How to Get Rid of Mold in the Attic

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You should discard moldy attic insulation.
You should discard moldy attic insulation. (Image: NORRIE3699/iStock/Getty Images)

The normal movement of air in a house is from the cooler lower floors to the warmer upper ones -- and finally out through cracks in upper windows and walls. Depending on how well the house is sealed, this movement often leads to an accumulation of warm air in the attic, and that can contribute to mold growth. You can clean mold and mildew off attic surfaces, but to prevent it in the first place, you may have to improve the ventilation.

Importance of Attic Mold Remediation

If you find mold in your attic, some good news may brighten your day: Normal air circulation will keep it in place unless you have a pressurized ventilation system that forces attic air into the rest of the house. This doesn't make attic mold remediation optional, however. Moldy insulation is usually wet and compressed, which means it isn't doing its job. Attic mold can deteriorate joists, rafter and roof decking if left unchecked, and it can grow on items that you store in the attic, such as books, furniture and clothing. If you leave these items in a moldy attic long enough, you'll probably end up having to throw them out.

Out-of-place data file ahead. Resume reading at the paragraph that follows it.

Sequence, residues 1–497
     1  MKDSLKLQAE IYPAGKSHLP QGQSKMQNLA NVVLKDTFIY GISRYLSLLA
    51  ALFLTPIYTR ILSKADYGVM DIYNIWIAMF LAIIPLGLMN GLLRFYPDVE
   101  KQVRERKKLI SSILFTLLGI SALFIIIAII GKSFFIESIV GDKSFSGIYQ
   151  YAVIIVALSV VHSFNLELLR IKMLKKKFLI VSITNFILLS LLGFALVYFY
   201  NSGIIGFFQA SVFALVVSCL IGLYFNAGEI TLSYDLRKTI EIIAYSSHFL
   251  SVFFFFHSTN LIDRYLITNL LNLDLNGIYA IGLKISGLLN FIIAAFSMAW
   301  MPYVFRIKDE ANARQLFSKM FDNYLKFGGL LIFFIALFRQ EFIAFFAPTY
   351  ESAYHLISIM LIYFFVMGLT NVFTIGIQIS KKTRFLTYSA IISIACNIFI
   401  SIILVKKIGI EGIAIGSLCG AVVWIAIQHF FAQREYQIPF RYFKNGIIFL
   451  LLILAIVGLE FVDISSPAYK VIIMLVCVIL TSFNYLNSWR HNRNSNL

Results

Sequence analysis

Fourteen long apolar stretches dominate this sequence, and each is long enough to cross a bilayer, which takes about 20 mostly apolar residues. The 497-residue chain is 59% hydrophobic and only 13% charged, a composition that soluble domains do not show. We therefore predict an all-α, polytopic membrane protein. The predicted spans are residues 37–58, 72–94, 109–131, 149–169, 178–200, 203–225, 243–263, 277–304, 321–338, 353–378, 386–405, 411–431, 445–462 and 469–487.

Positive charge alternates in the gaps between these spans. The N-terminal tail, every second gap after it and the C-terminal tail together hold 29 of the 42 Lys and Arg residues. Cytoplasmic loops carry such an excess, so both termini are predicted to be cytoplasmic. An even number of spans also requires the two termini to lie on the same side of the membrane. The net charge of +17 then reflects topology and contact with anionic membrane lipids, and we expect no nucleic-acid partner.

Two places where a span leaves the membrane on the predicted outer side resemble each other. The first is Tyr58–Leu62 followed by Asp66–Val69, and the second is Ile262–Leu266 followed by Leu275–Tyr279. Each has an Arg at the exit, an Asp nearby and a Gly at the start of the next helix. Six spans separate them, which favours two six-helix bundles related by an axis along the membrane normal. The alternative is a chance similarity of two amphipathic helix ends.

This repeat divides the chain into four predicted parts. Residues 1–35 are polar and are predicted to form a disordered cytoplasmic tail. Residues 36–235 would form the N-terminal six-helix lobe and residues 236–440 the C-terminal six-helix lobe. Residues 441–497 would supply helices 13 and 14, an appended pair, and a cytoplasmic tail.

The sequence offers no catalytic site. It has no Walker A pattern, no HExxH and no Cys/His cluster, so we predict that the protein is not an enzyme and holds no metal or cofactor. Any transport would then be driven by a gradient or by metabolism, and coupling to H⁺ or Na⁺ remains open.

Mold Grows in Moisture

In a properly vented attic, air circulates from lower vents -- usually located in the roof soffits -- to higher ones in the roof decking, roof ridge or gables. When this ventilation is insufficient, warm, moist air stagnates, creating the ideal conditions for mold growth on surfaces that provide it with nutrients, such as wood, insulation and drywall. Water leaks are another common cause of attic mold; a slow leak through the roof, for example, can feed mold colonies on the underside of the roof decking, on the rafters and in the part of the ceiling insulation where the water eventually drips. It's important to correct these moisture problems before cleaning the mold, or your efforts will be futile.

Upgrade the Attic Ventilation

Correcting insufficient attic ventilation is your single most important mold remediation procedure. In a well-sealed house, Uniform Building Code guidelines recommend 1 square foot of ventilation area for every 150 square feet of attic space; for older, more porous buildings, the ratio is 1 to 300. The ventilation square footage should be shared equally by soffit and roof vents. If your house has a flat roof, or there is another reason you can't install a passive ventilation system, provide active ventilation using fans and turbines.

Clean the Existing Mold

The most effective way to remove mold from hard, porous materials, such as wood rafters and plywood roof decking, is to scrub it with detergent and water while wearing a dust mask and rubber gloves. The EPA and other government agencies no longer recommend bleach for doing this; bleach is corrosive and nasty to use, and it kills only surface mold. Mold-infested drywall and insulation must be discarded -- there is no way to kill the spores inside it.

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